I’m one of those people who’s been waiting all year to quit my job and just did it. Your advice about negotiating salary (explain your value) worked great! But a careful reading of the offer and benefits (thanks again) revealed I’d get only two weeks’ vacation time! I’d be walking away from five weeks at my old job. Do I really have to give up my hard-earned vacation?
This is the perfect time to negotiate assertively for what you want because employers are dying for good talent. If you’re really good at your work, you have excellent negotiating leverage in the current economy and labor market. I’m glad to hear you got a good salary offer. Now let’s work on that vacation time!
Many companies want a new hire to start earning vacation time all over again — but that doesn’t make it a done deal. If you want the vacation time you deserve, you must negotiate to get it.
I have never understood why companies claim vacation time isn’t negotiable. Their position is, “That’s the way we’ve always done it. It’s the policy.” What a company means is that it won’t be able to keep a lid on vacation policy if it negotiates special deals with new hires. But that doesn’t make sense. Just as some people are worth more salary, some are worth more vacation time.
Salary history & vacation time history
Employers demand to know your last salary because they want to base their offer on it. “The only fair way to structure an offer is to look at what you’re already earning,” they explain. So if a job offer is based on your last salary, why shouldn’t your vacation time be based on the amount of vacation time you received at your last job, too? When a company asks for your salary history, why doesn’t it ask for your vacation history? Both reflect your industry seniority and your value.
So what does it mean when a company offers you a job with a paltry two weeks of vacation, and you’ve been taking four or five weeks off at your old company? Okay, let’s get to the advice part of this column. But please remember: this is advice, not a guaranteed way to get five weeks of vacation.
Time off is compensation, not a benefit
The reason you can negotiate salary but not vacation time at most companies is because salary is part of your compensation. Vacation time is not. Vacation time is considered a benefit. Salary can vary, but benefits are fixed. (Or so companies would like you to believe.)
But there is no rhyme or reason to this distinction.
In my opinion, time off is compensation just like cash is because “time is money.” You get compensated for your work with money, and you get compensated for your work with time off. Your expertise, experience and seniority make you worth higher compensation because you probably do more and better work than most junior employees. So it makes sense to give you more time off. Your work still gets done.
I think vacation benefits are negotiable if you have the leverage of expertise and experience (or “seniority”), and when the company isn’t policy-bound.
Negotiate all compensation
My advice: Wait until the offer has been made, then diplomatically and matter-of-factly explain that just as you wouldn’t take a lower salary, you wouldn’t accept less vacation time for your level of seniority in the industry.
Of course, you must decide in advance whether vacation is a deal-breaker for you. In fact, you could test an employer by bringing this up before you agree to do an interview — make vacation a condition, just like your desired salary range. Some companies will balk at this. The more they need you, the more likely they are to negotiate. When employers aren’t flexible, you might want to take an alternative approach.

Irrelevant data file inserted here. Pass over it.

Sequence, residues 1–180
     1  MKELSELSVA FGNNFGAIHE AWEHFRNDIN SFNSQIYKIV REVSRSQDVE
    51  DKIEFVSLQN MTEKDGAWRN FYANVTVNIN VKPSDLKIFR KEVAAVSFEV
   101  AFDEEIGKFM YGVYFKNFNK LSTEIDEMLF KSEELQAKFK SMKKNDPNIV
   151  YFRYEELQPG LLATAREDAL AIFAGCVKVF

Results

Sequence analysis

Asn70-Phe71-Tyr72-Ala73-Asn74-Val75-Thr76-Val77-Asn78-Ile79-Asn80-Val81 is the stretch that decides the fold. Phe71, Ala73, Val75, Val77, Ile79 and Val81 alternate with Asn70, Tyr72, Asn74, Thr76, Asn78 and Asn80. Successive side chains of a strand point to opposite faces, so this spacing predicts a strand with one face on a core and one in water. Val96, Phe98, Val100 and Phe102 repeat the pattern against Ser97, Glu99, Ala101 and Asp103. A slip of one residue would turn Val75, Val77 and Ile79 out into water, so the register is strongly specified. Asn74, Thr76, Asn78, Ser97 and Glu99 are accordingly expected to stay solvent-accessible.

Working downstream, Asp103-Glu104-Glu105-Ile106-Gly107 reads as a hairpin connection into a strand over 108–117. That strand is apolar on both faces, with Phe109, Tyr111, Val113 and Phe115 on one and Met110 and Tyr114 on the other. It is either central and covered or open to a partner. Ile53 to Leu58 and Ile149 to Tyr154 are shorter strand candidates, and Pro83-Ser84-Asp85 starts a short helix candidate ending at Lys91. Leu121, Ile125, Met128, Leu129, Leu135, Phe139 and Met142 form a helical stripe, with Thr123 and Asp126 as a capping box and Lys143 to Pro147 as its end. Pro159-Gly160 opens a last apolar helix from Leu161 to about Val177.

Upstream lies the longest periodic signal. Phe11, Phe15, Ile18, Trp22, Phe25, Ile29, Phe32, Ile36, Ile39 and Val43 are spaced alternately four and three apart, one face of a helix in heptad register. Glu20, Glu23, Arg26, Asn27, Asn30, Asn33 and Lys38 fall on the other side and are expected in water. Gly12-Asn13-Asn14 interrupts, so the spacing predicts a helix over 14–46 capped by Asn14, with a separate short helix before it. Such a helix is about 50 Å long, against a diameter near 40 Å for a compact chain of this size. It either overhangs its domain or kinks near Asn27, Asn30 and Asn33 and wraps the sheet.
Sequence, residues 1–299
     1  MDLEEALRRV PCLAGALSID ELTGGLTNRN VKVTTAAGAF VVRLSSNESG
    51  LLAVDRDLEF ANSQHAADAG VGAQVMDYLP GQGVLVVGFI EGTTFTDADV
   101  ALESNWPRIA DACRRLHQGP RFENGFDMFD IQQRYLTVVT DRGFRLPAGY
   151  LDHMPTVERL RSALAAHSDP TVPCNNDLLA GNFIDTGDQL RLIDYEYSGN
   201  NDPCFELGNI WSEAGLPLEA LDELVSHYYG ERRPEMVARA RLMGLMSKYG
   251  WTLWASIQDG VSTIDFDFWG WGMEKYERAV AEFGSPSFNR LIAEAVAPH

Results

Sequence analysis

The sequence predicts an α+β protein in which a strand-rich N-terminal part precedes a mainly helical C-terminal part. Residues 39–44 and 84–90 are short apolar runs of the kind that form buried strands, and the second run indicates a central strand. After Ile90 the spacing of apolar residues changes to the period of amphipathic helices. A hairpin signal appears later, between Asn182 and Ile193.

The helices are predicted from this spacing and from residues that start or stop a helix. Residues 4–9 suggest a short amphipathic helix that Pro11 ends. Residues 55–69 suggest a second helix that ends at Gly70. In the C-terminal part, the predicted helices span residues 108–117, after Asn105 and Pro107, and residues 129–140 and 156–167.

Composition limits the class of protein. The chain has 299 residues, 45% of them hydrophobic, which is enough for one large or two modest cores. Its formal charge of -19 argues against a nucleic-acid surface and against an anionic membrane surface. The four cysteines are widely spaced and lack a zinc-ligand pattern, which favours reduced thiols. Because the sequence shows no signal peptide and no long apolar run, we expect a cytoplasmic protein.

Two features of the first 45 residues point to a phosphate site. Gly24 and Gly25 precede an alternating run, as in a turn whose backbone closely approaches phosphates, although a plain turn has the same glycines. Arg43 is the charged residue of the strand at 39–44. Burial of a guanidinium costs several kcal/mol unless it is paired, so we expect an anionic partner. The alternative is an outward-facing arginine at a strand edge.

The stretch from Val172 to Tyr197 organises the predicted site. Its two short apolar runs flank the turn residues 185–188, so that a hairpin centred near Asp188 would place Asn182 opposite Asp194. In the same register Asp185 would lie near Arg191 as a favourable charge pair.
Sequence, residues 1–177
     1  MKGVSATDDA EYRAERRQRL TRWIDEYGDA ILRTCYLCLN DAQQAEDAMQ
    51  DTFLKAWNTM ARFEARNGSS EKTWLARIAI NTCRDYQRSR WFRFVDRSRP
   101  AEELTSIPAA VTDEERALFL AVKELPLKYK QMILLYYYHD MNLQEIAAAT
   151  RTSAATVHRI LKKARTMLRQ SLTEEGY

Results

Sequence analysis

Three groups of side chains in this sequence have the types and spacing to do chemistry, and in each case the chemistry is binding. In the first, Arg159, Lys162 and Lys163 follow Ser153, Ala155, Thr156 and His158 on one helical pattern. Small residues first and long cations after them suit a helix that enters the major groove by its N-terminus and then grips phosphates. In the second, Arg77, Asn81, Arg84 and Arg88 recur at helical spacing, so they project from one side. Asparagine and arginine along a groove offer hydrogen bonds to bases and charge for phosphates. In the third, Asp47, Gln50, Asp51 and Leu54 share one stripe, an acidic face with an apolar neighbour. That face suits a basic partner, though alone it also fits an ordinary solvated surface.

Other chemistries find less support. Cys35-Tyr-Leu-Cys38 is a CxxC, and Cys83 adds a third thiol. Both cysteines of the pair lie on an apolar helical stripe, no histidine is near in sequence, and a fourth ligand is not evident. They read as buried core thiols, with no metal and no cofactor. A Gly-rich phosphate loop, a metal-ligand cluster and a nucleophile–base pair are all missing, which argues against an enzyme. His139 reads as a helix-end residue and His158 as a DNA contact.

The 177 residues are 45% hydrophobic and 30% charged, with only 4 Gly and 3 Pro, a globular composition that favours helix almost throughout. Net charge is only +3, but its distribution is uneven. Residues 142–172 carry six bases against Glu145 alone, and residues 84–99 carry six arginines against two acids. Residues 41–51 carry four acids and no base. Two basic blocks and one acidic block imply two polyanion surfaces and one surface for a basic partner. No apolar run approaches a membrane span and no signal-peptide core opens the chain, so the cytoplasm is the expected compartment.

Tips from an HR insider
To get a well-rounded perspective on this issue, I turned to an expert I respect. Marilyn Zatkin is a veteran HR manager and consultant in Silicon Valley. Her perspective on both the policy and practical sides of this question is solid. She reveals that some companies will be flexible because they understand that vacation is a form of compensation. They also don’t want to lose a great candidate! Here’s what she has to say about this:
“Most companies do not like to alter their vacation policy and create internal equity issues. There are alternatives to granting more vacation than policy allows, such as giving the person a sign-on bonus equivalent to the desired vacation amount, and then letting the worker take the extra time off without pay in the first year. A company can also take that ‘extra vacation value’ and include it in the total compensation package. However, they usually try to limit a special deal like this to the first year.”
I’ll point something out: The moment Zatkin (or any HR manager) concedes that there is a dollar value to vacation time (after all, she’s offering a cash bonus to pay you back for less time off), we have established that vacation time is, indeed, part of compensation. The only thing left to negotiate is how much. I don’t see why that sign-on bonus or “extra compensation” can’t be permanent. (See also Can’t negotiate a higher salary? Ask for more money.)
This may not solve your long-term vacation problem, but it suggests to me that companies are indeed aware there’s an issue they have to face. So I say, negotiate and be as firm about vacation time as you are about salary.
Is time off a benefit, or part of compensation? Have you sacrificed vacation time when changing employers? If not, how did you negotiate it? Do you think you’d have more negotiating leverage nowadays if you changed employers?